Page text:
{Coulomb} is accepted as the standard name of the unit in Tokcir, rather
than a concept not named in Tokcir.  By written {Coulomb} and
pronouncing as {kulňm}, it should be clear that this is the name of a
measurement unit derived from a guy called Coulomb /ku"lom/, rather than
a common Tokcir word /"tSoulomba/.


4  Naming by protocol.

Sometimes instead of borrowing a systematic way might be use to name
certain instances.  For example, in a given calendar system, the name of
the months might just be {olnasu}, {dunasu}, {ponasu}, {kanasu},
{finasu}, etc. which basically is a number followed by the suffix
{-nasu} meaning "Month".

This way of naming is handy in things like the western (Earth Standard)
calendar system, where there is no reference language to derive the
names from and the variants are many or too cultural specific (in this
particular example Latin might work as inspiring language: {yanuari},
{februari} ... but when we come to the name of the days of the week...).

A protocol has already been proposed for the name of the countries,
which is heavily based on borrowing but adds some elements like native
Tokcir suffixes, in an attempt to regularize things.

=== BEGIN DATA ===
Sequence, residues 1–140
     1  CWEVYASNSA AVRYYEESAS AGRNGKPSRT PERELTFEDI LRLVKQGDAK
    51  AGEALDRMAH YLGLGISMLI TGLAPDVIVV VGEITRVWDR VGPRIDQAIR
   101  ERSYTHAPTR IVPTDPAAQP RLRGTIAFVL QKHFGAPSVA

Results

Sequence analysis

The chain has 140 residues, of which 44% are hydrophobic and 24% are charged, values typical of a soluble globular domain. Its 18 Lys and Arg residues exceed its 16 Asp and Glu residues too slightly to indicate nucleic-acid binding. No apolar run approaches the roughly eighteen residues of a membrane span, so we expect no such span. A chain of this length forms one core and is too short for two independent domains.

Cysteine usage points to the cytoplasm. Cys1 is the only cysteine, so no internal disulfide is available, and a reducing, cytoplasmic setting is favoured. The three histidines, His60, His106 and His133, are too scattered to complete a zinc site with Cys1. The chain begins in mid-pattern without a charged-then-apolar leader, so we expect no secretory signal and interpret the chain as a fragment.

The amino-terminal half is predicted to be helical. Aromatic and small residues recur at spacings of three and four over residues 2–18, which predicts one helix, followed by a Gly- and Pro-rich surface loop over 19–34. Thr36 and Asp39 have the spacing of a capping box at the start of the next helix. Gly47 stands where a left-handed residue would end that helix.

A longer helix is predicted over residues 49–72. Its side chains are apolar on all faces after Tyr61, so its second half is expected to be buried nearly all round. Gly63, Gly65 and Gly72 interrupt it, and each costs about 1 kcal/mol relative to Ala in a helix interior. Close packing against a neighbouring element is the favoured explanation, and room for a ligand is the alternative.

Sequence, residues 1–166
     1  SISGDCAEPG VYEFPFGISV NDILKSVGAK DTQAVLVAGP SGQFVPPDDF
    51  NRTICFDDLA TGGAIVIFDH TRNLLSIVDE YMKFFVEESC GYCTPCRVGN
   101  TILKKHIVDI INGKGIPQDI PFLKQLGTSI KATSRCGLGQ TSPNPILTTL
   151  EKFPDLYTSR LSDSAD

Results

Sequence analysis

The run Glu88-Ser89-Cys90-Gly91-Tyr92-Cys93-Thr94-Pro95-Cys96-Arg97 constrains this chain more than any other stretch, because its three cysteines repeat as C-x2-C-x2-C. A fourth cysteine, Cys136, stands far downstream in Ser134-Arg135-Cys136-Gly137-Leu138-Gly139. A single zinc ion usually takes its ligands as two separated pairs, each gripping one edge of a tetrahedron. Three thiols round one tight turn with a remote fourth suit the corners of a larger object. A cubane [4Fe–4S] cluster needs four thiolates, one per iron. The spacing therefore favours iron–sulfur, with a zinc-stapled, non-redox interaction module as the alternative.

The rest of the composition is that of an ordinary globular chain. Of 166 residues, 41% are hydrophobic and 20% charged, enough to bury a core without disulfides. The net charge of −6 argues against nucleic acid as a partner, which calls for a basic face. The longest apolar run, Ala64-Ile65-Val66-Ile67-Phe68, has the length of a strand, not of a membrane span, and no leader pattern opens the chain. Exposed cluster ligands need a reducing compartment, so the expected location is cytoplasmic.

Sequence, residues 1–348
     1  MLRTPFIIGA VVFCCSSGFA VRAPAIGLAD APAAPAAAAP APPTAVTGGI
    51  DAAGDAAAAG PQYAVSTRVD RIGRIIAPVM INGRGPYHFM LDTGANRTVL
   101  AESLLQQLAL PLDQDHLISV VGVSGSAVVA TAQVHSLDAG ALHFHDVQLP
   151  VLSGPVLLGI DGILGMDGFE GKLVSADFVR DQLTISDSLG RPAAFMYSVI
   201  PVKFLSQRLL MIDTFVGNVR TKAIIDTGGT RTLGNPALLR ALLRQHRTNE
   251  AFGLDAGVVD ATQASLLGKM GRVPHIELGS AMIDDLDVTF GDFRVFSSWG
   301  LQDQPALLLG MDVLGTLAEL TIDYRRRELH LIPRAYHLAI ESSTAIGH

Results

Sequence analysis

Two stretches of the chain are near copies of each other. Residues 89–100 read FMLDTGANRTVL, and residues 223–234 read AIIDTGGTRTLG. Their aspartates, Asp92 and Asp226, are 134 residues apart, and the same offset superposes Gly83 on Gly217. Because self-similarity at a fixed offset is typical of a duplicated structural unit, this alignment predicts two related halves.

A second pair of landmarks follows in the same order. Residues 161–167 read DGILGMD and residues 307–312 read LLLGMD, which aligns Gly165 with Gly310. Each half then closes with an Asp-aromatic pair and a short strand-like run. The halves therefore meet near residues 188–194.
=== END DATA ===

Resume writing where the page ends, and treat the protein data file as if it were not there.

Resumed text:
5  Changing names

Names are susceptible to be changed by a community.  In the Western
world we used to call the capital of China as Peking, but when the
Pinyin transcription became the official, pressure came to the community
to begun to use Beijing instead.  Beijing is an orthographic borrowing
into English that people use to pronounce using English rules rather
than Pinyin rules.  In Tokcir names are susceptible to be changed as
well, mainly due from pressure of the people that may have a claim over
a name, as well as the Nula community accept the change.

Given that Tokcir today is not a L1 language, but rather a conlang with
barely a few years of created and still in development, with no native
speaker, very few fluent speakers and a small bunch of enthusiasts that
must still use dictionaries and write kits to write and read: we are all
the Nula community and we are the ones naming things.  It is important
that we try to get a name that will not be foreseeably subject to be
changed.  That we are willing to change a name if the new name is better
(as better reflects the wish of the people with claims over the named
thing), and that we don't keep changing over opinions (like five
Newyorkers discussing if the name for their city should be {Nuyňk},
{Yorka Kai'}, {Nu Yorka}, {Nu Yoak} or {Niuyňk}).

-- Carlos Th